What do a billion dead birds look like?
Hard to imagine, but Safe Wings Ottawa hopes that a thousand is plenty enough to spark conversation about what we can all do to help solve a disturbing problem: Birds can’t perceive glass, and our cities are filled with reflective facades. One billion is the estimated annual number of birds that crash into buildings across the continent.
For the fourth year running, Safe Wings Ottawa will display a stunning array of dead birds collected by volunteer patrollers in 2017, from the tiniest hummingbirds to larger species such as owls; see them for yourself at Ottawa City Hall on Monday, February 26th, 3:30 – 6:30 p.m. Most of the year, the birds’ bodies are kept in volunteers’ freezers — a month before the event they’re transferred to the much colder freezers of the Canadian Wildlife Service lab at Carleton University so they’re “nice and frozen,” says volunteer coordinator Susan Phillips, for the duration of the display. (After the event, they’ll be shipped to the Royal Alberta Museum for study and possible taxidermy.)
Gathered together, the birds make a grim point, but also allow volunteers to share their experiences and constructive ideas for tackling an important conservation issue. Can we stop, or at least reduce, the numbers of bird fatalities? Fortunately, the answer is yes.
Safe Wings volunteers patrol every part of the city, but especially downtown during migration. Birds lucky enough to survive crashes are taken to the Wild Bird Care Centre in Nepean, where their injuries can be treated. Very lucky birds are eventually released back into the wild.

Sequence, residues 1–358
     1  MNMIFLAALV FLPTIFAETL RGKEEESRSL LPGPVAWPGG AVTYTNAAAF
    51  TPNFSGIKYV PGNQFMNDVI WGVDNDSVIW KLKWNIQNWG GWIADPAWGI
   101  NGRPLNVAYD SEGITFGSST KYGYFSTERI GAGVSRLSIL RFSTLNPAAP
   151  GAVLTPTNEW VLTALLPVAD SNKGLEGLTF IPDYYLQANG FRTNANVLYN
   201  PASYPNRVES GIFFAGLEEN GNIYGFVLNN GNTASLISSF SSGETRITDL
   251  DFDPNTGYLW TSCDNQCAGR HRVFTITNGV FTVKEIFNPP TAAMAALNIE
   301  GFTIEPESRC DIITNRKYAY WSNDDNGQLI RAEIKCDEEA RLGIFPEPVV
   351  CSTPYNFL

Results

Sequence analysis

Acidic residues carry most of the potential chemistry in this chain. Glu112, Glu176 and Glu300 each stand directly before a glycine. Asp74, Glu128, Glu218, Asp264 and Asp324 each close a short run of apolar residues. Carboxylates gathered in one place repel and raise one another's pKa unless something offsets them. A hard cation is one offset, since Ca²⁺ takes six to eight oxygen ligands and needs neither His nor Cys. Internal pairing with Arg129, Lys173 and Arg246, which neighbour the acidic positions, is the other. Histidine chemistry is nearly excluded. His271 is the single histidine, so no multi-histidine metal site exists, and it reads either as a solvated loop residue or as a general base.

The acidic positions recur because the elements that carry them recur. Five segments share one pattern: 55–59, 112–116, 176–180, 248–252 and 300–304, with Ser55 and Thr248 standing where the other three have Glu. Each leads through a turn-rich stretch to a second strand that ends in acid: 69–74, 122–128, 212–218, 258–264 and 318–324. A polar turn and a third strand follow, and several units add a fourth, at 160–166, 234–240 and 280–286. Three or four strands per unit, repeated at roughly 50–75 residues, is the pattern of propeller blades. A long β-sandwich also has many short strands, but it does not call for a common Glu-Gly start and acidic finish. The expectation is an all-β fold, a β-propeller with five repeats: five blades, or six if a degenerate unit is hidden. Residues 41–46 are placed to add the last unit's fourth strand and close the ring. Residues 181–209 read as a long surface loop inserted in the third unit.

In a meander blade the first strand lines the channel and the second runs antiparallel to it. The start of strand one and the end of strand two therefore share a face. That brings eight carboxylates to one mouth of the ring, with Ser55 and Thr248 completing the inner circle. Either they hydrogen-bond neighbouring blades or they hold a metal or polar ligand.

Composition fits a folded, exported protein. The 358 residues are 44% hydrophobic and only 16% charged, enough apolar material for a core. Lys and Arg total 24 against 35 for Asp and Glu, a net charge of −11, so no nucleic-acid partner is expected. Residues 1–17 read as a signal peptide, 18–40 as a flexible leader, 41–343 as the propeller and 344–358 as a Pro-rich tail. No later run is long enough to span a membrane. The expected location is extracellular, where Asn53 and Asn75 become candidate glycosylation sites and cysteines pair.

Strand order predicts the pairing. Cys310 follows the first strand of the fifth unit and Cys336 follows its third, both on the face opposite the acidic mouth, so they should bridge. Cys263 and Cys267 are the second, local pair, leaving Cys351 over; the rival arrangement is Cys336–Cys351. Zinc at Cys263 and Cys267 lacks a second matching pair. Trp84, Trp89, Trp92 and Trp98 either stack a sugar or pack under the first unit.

The not-so-lucky ones at least fulfill an ambassadorial role after death, as part of Safe Wings’ campaign to spread the word about solutions — placing backyard bird feeders strategically or closing shades on problem windows at problem times are among the simplest. Glass panes that have patterns manufactured into them are becoming more common among both individual homeowners and large businesses and institutions.
This year, Safe Wings’ volunteers include 16 Carleton University students, who developed the event’s public-relations plan and materials as part of their graduate studies in Communications. They’ll be on hand to greet and guide members of the public through the display.
Thanks to campaigns like this, awareness of the issue is growing.
“Homeowners are starting to do something about it,” says Safe Wings founder Anouk Houdeman, who is gratified that city officials are working on bird-friendly building guidelines for developers. They won’t be mandatory (as they are in places like Toronto, where the original bird-rescue organization FLAP, was founded), but it is a start.
City Hall has had problems of its own with a glass walkway that has created its share of bird deaths, including dozens of cedar waxwings in 2017. Now, simple, dotted window treatments are successfully deterring birds from crashing. It’s hard to say how many bird lives will be saved by that alone, but it’s a prominent example of what can be done.
Bird by bird, the message is taking off in the right direction.